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Campaigns and Informational Approaches to Increase Physical Activity: Stand-Alone Mass Media Campaigns

Stand-alone mass media campaigns are interventions that rely on mass media channels to deliver messages about physical activity to large and relatively undifferentiated audiences. These campaigns are designed to:

  • Increase awareness and/or knowledge of the benefits of physical activity
  • Influence attitudes and beliefs about physical activity
  • Change physical activity behaviors within defined populations

Messages are transmitted using channels such as newspapers, brochures, manuals, radio, television, billboards, and websites either singly or in combination.

Stand-alone mass media campaigns are distinct from mass media employed as part of broader multicomponent interventions (e.g., broader community-wide campaigns) that also may incorporate individually oriented health behavior change programs and activities, social support networks, and environmental and/or policy changes.

Summary of Task Force Recommendations and Findings

The Community Preventive Services Task Force concludes there is insufficient evidence to determine the effectiveness of stand-alone mass media campaigns to increase physical activity at the population level.

Sixteen eligible studies that evaluated stand-alone mass media campaigns of varied intensity and duration (i.e., 1 week to 5 years), targeting varied populations, using diverse control and comparison conditions and diverse physical activity outcome measures, found modest and inconsistent effects.

Task Force Finding and Rationale Statement

Results from the Systematic Review

The Task Force finding is based on evidence from a Community Guide systematic review published in 2002 (3 studies, search period 1980-2000) combined with more recent evidence (13 studies, search period 2000-2009). It updates the previous review on Mass Media Campaigns.

Sixteen studies qualified for the review. Study duration ranged from 1 week to 4 years.

  • Proportion of people who reported being physically active (as defined within each study):
    • Median absolute increase of 3.4 percentage points (Interquartile interval [IQI]: -0.6 to 5.7 percentage points; 10 studies)
    • Median relative increase of 6.7% (IQI: -1.6% to 14.1%; 10 studies)
  • In three studies, people reported spending more time engaging in physical activity: median relative increase of 4.4% (range of 3.1% to 18.2%).
  • Three additional studies found people reported being more active as a result of a campaign, though increases were modest.

The review findings are based on a systematic review of all available studies, conducted on behalf of the Task Force by a team of specialists in systematic review methods, and in research, practice and policy related to increasing physical activity.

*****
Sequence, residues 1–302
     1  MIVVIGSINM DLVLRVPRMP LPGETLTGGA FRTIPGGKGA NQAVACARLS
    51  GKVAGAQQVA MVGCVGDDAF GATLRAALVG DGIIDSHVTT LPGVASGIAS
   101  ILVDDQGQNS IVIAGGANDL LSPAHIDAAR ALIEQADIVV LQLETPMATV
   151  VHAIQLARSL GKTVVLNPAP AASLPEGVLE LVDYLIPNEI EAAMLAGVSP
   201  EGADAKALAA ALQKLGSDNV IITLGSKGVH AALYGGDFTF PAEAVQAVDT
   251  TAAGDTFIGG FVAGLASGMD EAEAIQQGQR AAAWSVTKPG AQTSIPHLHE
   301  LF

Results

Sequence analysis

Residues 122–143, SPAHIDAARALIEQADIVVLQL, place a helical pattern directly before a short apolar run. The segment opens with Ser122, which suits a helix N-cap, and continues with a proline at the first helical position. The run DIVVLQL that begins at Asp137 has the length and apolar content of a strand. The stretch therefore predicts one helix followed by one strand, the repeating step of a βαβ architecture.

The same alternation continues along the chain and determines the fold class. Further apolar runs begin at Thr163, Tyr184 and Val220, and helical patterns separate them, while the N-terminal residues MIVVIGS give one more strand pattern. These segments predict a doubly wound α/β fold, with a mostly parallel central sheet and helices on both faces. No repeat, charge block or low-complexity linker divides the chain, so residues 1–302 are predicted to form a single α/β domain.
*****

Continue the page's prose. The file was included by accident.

image of planetFind a Research-tested Intervention Program (RTIP) External Web Site Icon about the use of mass media campaigns to increase physical activity (What is an RTIP?).

Economic Evidence

An economic review of this intervention was not conducted because the Task Force did not have enough information to determine if the intervention works.

Supporting Materials


Brown DR, Soares J, Epping JM, Lankford TJ, Wallace JS, Hopkins D, Ramsey Buchanan L, Orleans CT, Community Preventive Services Task Force. Stand-alone mass media campaigns to increase physical activity. A Community Guide updated review. Adobe PDF File [PDF - 211 kB] Am J Prev Med 2012;43(5):551–61.

Community Preventive Services Task Force. Stand-alone mass media campaigns to increase physical activity. Updated findings from the Community Preventive Services Task Force. Adobe PDF File [PDF - 60 kB] Am J Prev Med 2012;43(5):562–4.

Read other Community Guide publications about Increasing Physical Activity in our library.

*PDF includes all of the information available and will not be updated.


The findings and conclusions on this page are those of the Community Preventive Services Task Force and do not necessarily represent those of CDC. Task Force evidence-based recommendations are not mandates for compliance or spending. Instead, they provide information and options for decision makers and stakeholders to consider when determining which programs, services, and policies best meet the needs, preferences, available resources, and constraints of their constituents.

Sample Citation

The content of publications of the Guide to Community Preventive Services is in the public domain. Citation as to source, however, is appreciated. Sample citation: Guide to Community Preventive Services. Campaigns and informational approaches to increase physical activity: stand-alone mass media campaigns. Last updated: MM/DD/YYYY.

Review completed: March 2010